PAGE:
The Viennese photographer Dr. Josef Székely (1838-1901) was born in Sümeg near Lake Balaton in western Hungary and went to school in Szombathely. He then attended the University of Vienna and graduated in 1860 with a masters in pharmacy and in 1862 with a doctorate in chemistry. He taught at the university for a time, but then, opening an atelier in Heinrichshof near the Viennese Opera, he became a professional photographer, and one of substantial repute. In 1867 he won the Bronze Prize at the World’s Fair in Paris, and in 1878 he won a silver medal in Paris.
Josef Székely was a photographer in 1863 expedition of German scholar Johann Georg von Hahn (1811-1869) along the river Black Drim starting from Albania, going through Debar (where he took 2 photographs), Struga (Kalishta), Ohrid (stayed 10 days and made 11 photographs), Monastir (Bitola), Veles, Demir Kapija (Iron Gate) to Salonica on the Aegean.
These photographs from 1863 are the earliest known photographs of Macedonia. Unfortunately, publication of the photographs proved too expensive for the Viennese Academy of Sciences and they were omitted from the report Hahn published of the expedition in 1867 and 1869. The result was that the Székely collection, among the earliest photos ever taken in the southern Balkans, fell into oblivion. In 1889, thirteen of the photographs found their way into the volume Makedonien und Alt-Serbien (Macedonia and Old Serbia) by Spiridion Gopčević (1855-1936), but they were not attributed to Székely and were left undated. After that, the collection disappeared for over a century, to be rediscovered in the Austrian National Library in 2000 by Mark Cohen. The Székely Collection was first published in the album Writing in Light: Early Photography of Albania and the Southwestern Balkans, Prishtina 2007. The photographs are now archived in the Bildarchiv of the Austrian National Library in Vienna (www.bildarchiv.at)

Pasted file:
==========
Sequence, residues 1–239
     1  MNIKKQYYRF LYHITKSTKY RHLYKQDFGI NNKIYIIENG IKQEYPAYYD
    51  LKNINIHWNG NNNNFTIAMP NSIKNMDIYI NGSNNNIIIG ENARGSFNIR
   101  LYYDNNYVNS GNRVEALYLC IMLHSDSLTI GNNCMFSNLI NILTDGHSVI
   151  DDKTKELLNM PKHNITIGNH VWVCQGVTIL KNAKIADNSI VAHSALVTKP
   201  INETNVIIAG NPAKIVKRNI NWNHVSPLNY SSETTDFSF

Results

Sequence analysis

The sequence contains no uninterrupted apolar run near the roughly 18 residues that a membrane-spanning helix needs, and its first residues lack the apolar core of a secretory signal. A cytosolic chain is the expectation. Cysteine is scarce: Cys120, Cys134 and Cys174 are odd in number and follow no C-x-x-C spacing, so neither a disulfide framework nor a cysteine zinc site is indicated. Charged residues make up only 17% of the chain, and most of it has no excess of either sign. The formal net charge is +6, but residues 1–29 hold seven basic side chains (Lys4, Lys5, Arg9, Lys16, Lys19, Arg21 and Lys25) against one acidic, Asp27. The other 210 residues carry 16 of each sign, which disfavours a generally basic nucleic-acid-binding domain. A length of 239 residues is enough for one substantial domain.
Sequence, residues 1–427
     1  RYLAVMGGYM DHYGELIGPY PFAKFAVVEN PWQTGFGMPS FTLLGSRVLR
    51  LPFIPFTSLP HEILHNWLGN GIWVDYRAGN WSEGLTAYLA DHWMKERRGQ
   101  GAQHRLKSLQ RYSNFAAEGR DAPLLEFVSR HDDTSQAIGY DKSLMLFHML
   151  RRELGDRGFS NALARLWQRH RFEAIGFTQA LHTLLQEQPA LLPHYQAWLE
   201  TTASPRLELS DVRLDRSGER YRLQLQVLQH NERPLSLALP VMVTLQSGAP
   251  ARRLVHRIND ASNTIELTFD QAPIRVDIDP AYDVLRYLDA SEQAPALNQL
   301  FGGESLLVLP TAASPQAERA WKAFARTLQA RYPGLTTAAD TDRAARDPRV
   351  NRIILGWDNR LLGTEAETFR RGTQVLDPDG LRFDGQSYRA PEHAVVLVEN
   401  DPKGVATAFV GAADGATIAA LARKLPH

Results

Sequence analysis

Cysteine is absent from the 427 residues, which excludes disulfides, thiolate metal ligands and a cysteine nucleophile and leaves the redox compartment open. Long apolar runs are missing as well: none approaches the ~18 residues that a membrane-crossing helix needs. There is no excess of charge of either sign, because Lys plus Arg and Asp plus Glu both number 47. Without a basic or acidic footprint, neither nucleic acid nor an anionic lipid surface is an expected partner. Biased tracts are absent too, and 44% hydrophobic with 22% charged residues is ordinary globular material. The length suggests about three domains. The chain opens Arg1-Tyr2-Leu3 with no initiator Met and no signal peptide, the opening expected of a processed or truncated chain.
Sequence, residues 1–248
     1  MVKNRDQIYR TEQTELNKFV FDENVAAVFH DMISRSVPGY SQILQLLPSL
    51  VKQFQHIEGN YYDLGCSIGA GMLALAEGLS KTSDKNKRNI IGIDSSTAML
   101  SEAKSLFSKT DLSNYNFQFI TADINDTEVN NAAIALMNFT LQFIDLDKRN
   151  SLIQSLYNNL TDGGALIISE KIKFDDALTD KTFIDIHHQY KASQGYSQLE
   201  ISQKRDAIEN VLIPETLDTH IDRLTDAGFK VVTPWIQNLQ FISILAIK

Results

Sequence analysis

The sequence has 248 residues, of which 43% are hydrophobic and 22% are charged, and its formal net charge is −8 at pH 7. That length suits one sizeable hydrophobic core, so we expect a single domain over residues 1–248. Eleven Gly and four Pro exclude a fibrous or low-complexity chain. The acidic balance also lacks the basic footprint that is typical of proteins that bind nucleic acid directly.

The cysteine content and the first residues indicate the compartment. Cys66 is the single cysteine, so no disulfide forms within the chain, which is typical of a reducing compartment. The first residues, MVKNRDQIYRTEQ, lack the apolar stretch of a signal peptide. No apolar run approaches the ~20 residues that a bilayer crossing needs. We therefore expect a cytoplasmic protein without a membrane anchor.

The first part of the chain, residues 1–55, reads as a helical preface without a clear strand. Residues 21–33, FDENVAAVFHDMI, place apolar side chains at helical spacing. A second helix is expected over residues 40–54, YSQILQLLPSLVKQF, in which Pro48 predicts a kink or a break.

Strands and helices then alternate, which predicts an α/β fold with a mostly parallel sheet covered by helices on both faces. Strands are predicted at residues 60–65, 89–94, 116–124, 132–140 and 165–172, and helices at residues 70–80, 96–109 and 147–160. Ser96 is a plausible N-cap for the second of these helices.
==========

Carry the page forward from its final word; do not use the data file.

The text and photos for this article are taken from http://www.albanianphotography.net/szekely/